After weeks of being pummeled with questions about how Florida manages tuberculosis cases, state officials on Monday announced a new plan that emphasizes caring for patients as close to home as possible.
For decades, Florida sent its most difficult TB cases to the A.G. Holley State Hospital in Palm Beach County, the last sanitarium of its kind in the country. But in April, state lawmakers voted to shutter the institution to save money. Since then, news of an outbreak among Jacksonville's homeless population, and reported efforts to keep it secret, have raised concerns about the state's ability to contain the airborne lung disease.
On Monday, state Surgeon General Dr. John Armstrong said the state's new plan is a response to Holley's closure, not a damage-control effort directed at Jacksonville. In fact, in a conference call with reporters, Armstrong deflected questions about Jacksonville.
"This is a program that puts the focus on our patients, has communities as a central part of the care process, and ensures that we have outcomes that are measurable that will allow us to constantly improve," he said of the new Florida Tuberculosis System of Care.
Across Florida, the number of tuberculosis cases has been declining in recent years and officials said it is on track to fall further in 2012. According to the state Department of Health, 753 cases were reported in Florida last year, a drop of 10 percent from the previous two years. There have been 284 cases reported so far this year.
But tuberculosis has made news lately, both in Jacksonville and locally. This month, active cases have been reported in employees at MacDill Air Force Base and at a Largo charter school.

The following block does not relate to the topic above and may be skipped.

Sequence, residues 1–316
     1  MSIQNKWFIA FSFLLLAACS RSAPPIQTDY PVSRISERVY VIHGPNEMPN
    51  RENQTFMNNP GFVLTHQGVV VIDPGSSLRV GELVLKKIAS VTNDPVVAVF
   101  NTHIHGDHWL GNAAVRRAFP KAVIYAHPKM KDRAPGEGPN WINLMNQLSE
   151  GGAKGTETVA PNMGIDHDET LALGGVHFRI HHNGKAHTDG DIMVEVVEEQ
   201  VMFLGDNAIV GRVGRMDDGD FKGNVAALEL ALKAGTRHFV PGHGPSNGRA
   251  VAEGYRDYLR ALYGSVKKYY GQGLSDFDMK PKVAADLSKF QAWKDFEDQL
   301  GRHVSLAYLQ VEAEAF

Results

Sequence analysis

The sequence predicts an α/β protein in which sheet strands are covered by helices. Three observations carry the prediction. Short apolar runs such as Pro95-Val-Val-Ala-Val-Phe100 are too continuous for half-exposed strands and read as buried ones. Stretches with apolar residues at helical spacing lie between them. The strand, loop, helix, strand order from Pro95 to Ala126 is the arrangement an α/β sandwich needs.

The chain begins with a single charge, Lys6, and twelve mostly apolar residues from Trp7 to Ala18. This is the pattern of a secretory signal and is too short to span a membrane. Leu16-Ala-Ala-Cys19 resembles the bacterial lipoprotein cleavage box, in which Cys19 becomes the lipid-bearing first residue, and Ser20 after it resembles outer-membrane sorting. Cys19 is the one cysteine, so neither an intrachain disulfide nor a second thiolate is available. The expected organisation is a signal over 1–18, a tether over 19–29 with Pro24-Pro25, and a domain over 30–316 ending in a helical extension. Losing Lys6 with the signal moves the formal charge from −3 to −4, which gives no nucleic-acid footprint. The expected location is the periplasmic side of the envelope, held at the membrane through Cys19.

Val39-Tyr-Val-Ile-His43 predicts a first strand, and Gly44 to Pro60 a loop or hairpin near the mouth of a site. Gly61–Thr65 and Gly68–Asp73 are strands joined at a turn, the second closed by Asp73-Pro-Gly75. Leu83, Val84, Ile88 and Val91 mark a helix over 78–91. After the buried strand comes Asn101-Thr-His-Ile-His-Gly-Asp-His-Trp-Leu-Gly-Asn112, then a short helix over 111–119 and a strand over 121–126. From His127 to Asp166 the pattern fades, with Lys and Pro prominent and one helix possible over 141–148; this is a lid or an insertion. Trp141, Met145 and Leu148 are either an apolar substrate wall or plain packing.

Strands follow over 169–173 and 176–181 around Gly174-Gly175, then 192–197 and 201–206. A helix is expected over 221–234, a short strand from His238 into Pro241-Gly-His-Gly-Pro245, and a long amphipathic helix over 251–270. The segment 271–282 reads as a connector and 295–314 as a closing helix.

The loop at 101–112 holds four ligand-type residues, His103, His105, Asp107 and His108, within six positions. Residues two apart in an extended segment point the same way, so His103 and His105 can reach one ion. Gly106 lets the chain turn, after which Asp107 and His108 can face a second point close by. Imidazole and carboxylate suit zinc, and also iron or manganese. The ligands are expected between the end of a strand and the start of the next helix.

Like typhoid fever and dysentery, tuberculosis is thought by many to be a disease of the past, largely absent from the modern United States. But with no effective vaccine, it remains a significant public health threat, although with proper care it usually can be cured.
At one time, Holley held 500 patients. By the time it closed, there were fewer than 50.
Without treatment, TB can be fatal. It also can morph into drug-resistant strains.
Still, although the bacteria that causes the disease is airborne, it is not easily spread, requiring contact over 6 to 8 hours with a person in the active phase of the disease.
The state's plan creates three tiers of care for tuberculosis patients based on the severity of their disease and if they have other medical problems that complicate treatment:
• Most people with tuberculosis are Level 1 patients, meaning their own doctors or county health officials can treat them at home. In some cases, the county health department sends workers to deliver medications ensuring that patients are taking the pills, which can have unpleasant side effects. Failure to do so can lead to drug-resistant strains.
• In the past, patients whose cases worsened could be sent Holley. Without that option, the state is grouping counties into networks that can share expertise and equipment to treat these so-called Level 2 patients. In the Tampa Bay area, for instance, a county official in Manatee might consult with officials in Hillsborough on tough cases.
"What we're trying to do is provide a little more coordination," said Dr. Douglas Holt, the health officer for Hillsborough County. "Have we done some of this in the past? Absolutely. But have we had a system to do it? No."
• Level 3 patients — those with a drug-resistant strain or who have serious health complications such as kidney disease or AIDS — would be taken to one of two academic medical centers: Jackson Health System in Miami, affiliated with the University of Miami; or Shands Jacksonville Medical Center, affiliated with the University of Florida .
In some parts of the state, homeless TB patients have been housed in cheap motels so they could be monitored by public health officials as they recovered. That's what happened in Jacksonville, the Palm Beach Post reported Sunday.
Holt said that there are no such "TB motels'' in the Tampa Bay area. The practice is being eliminated elsewhere in the state, he said, so the general public need not be concerned about exposure to active TB cases.
"We're trying to avoid places that people could just drive in and say, 'I need a room,' " he said.
Instead, he said, counties will look for studio apartments or boarding houses where patients can be more readily isolated.
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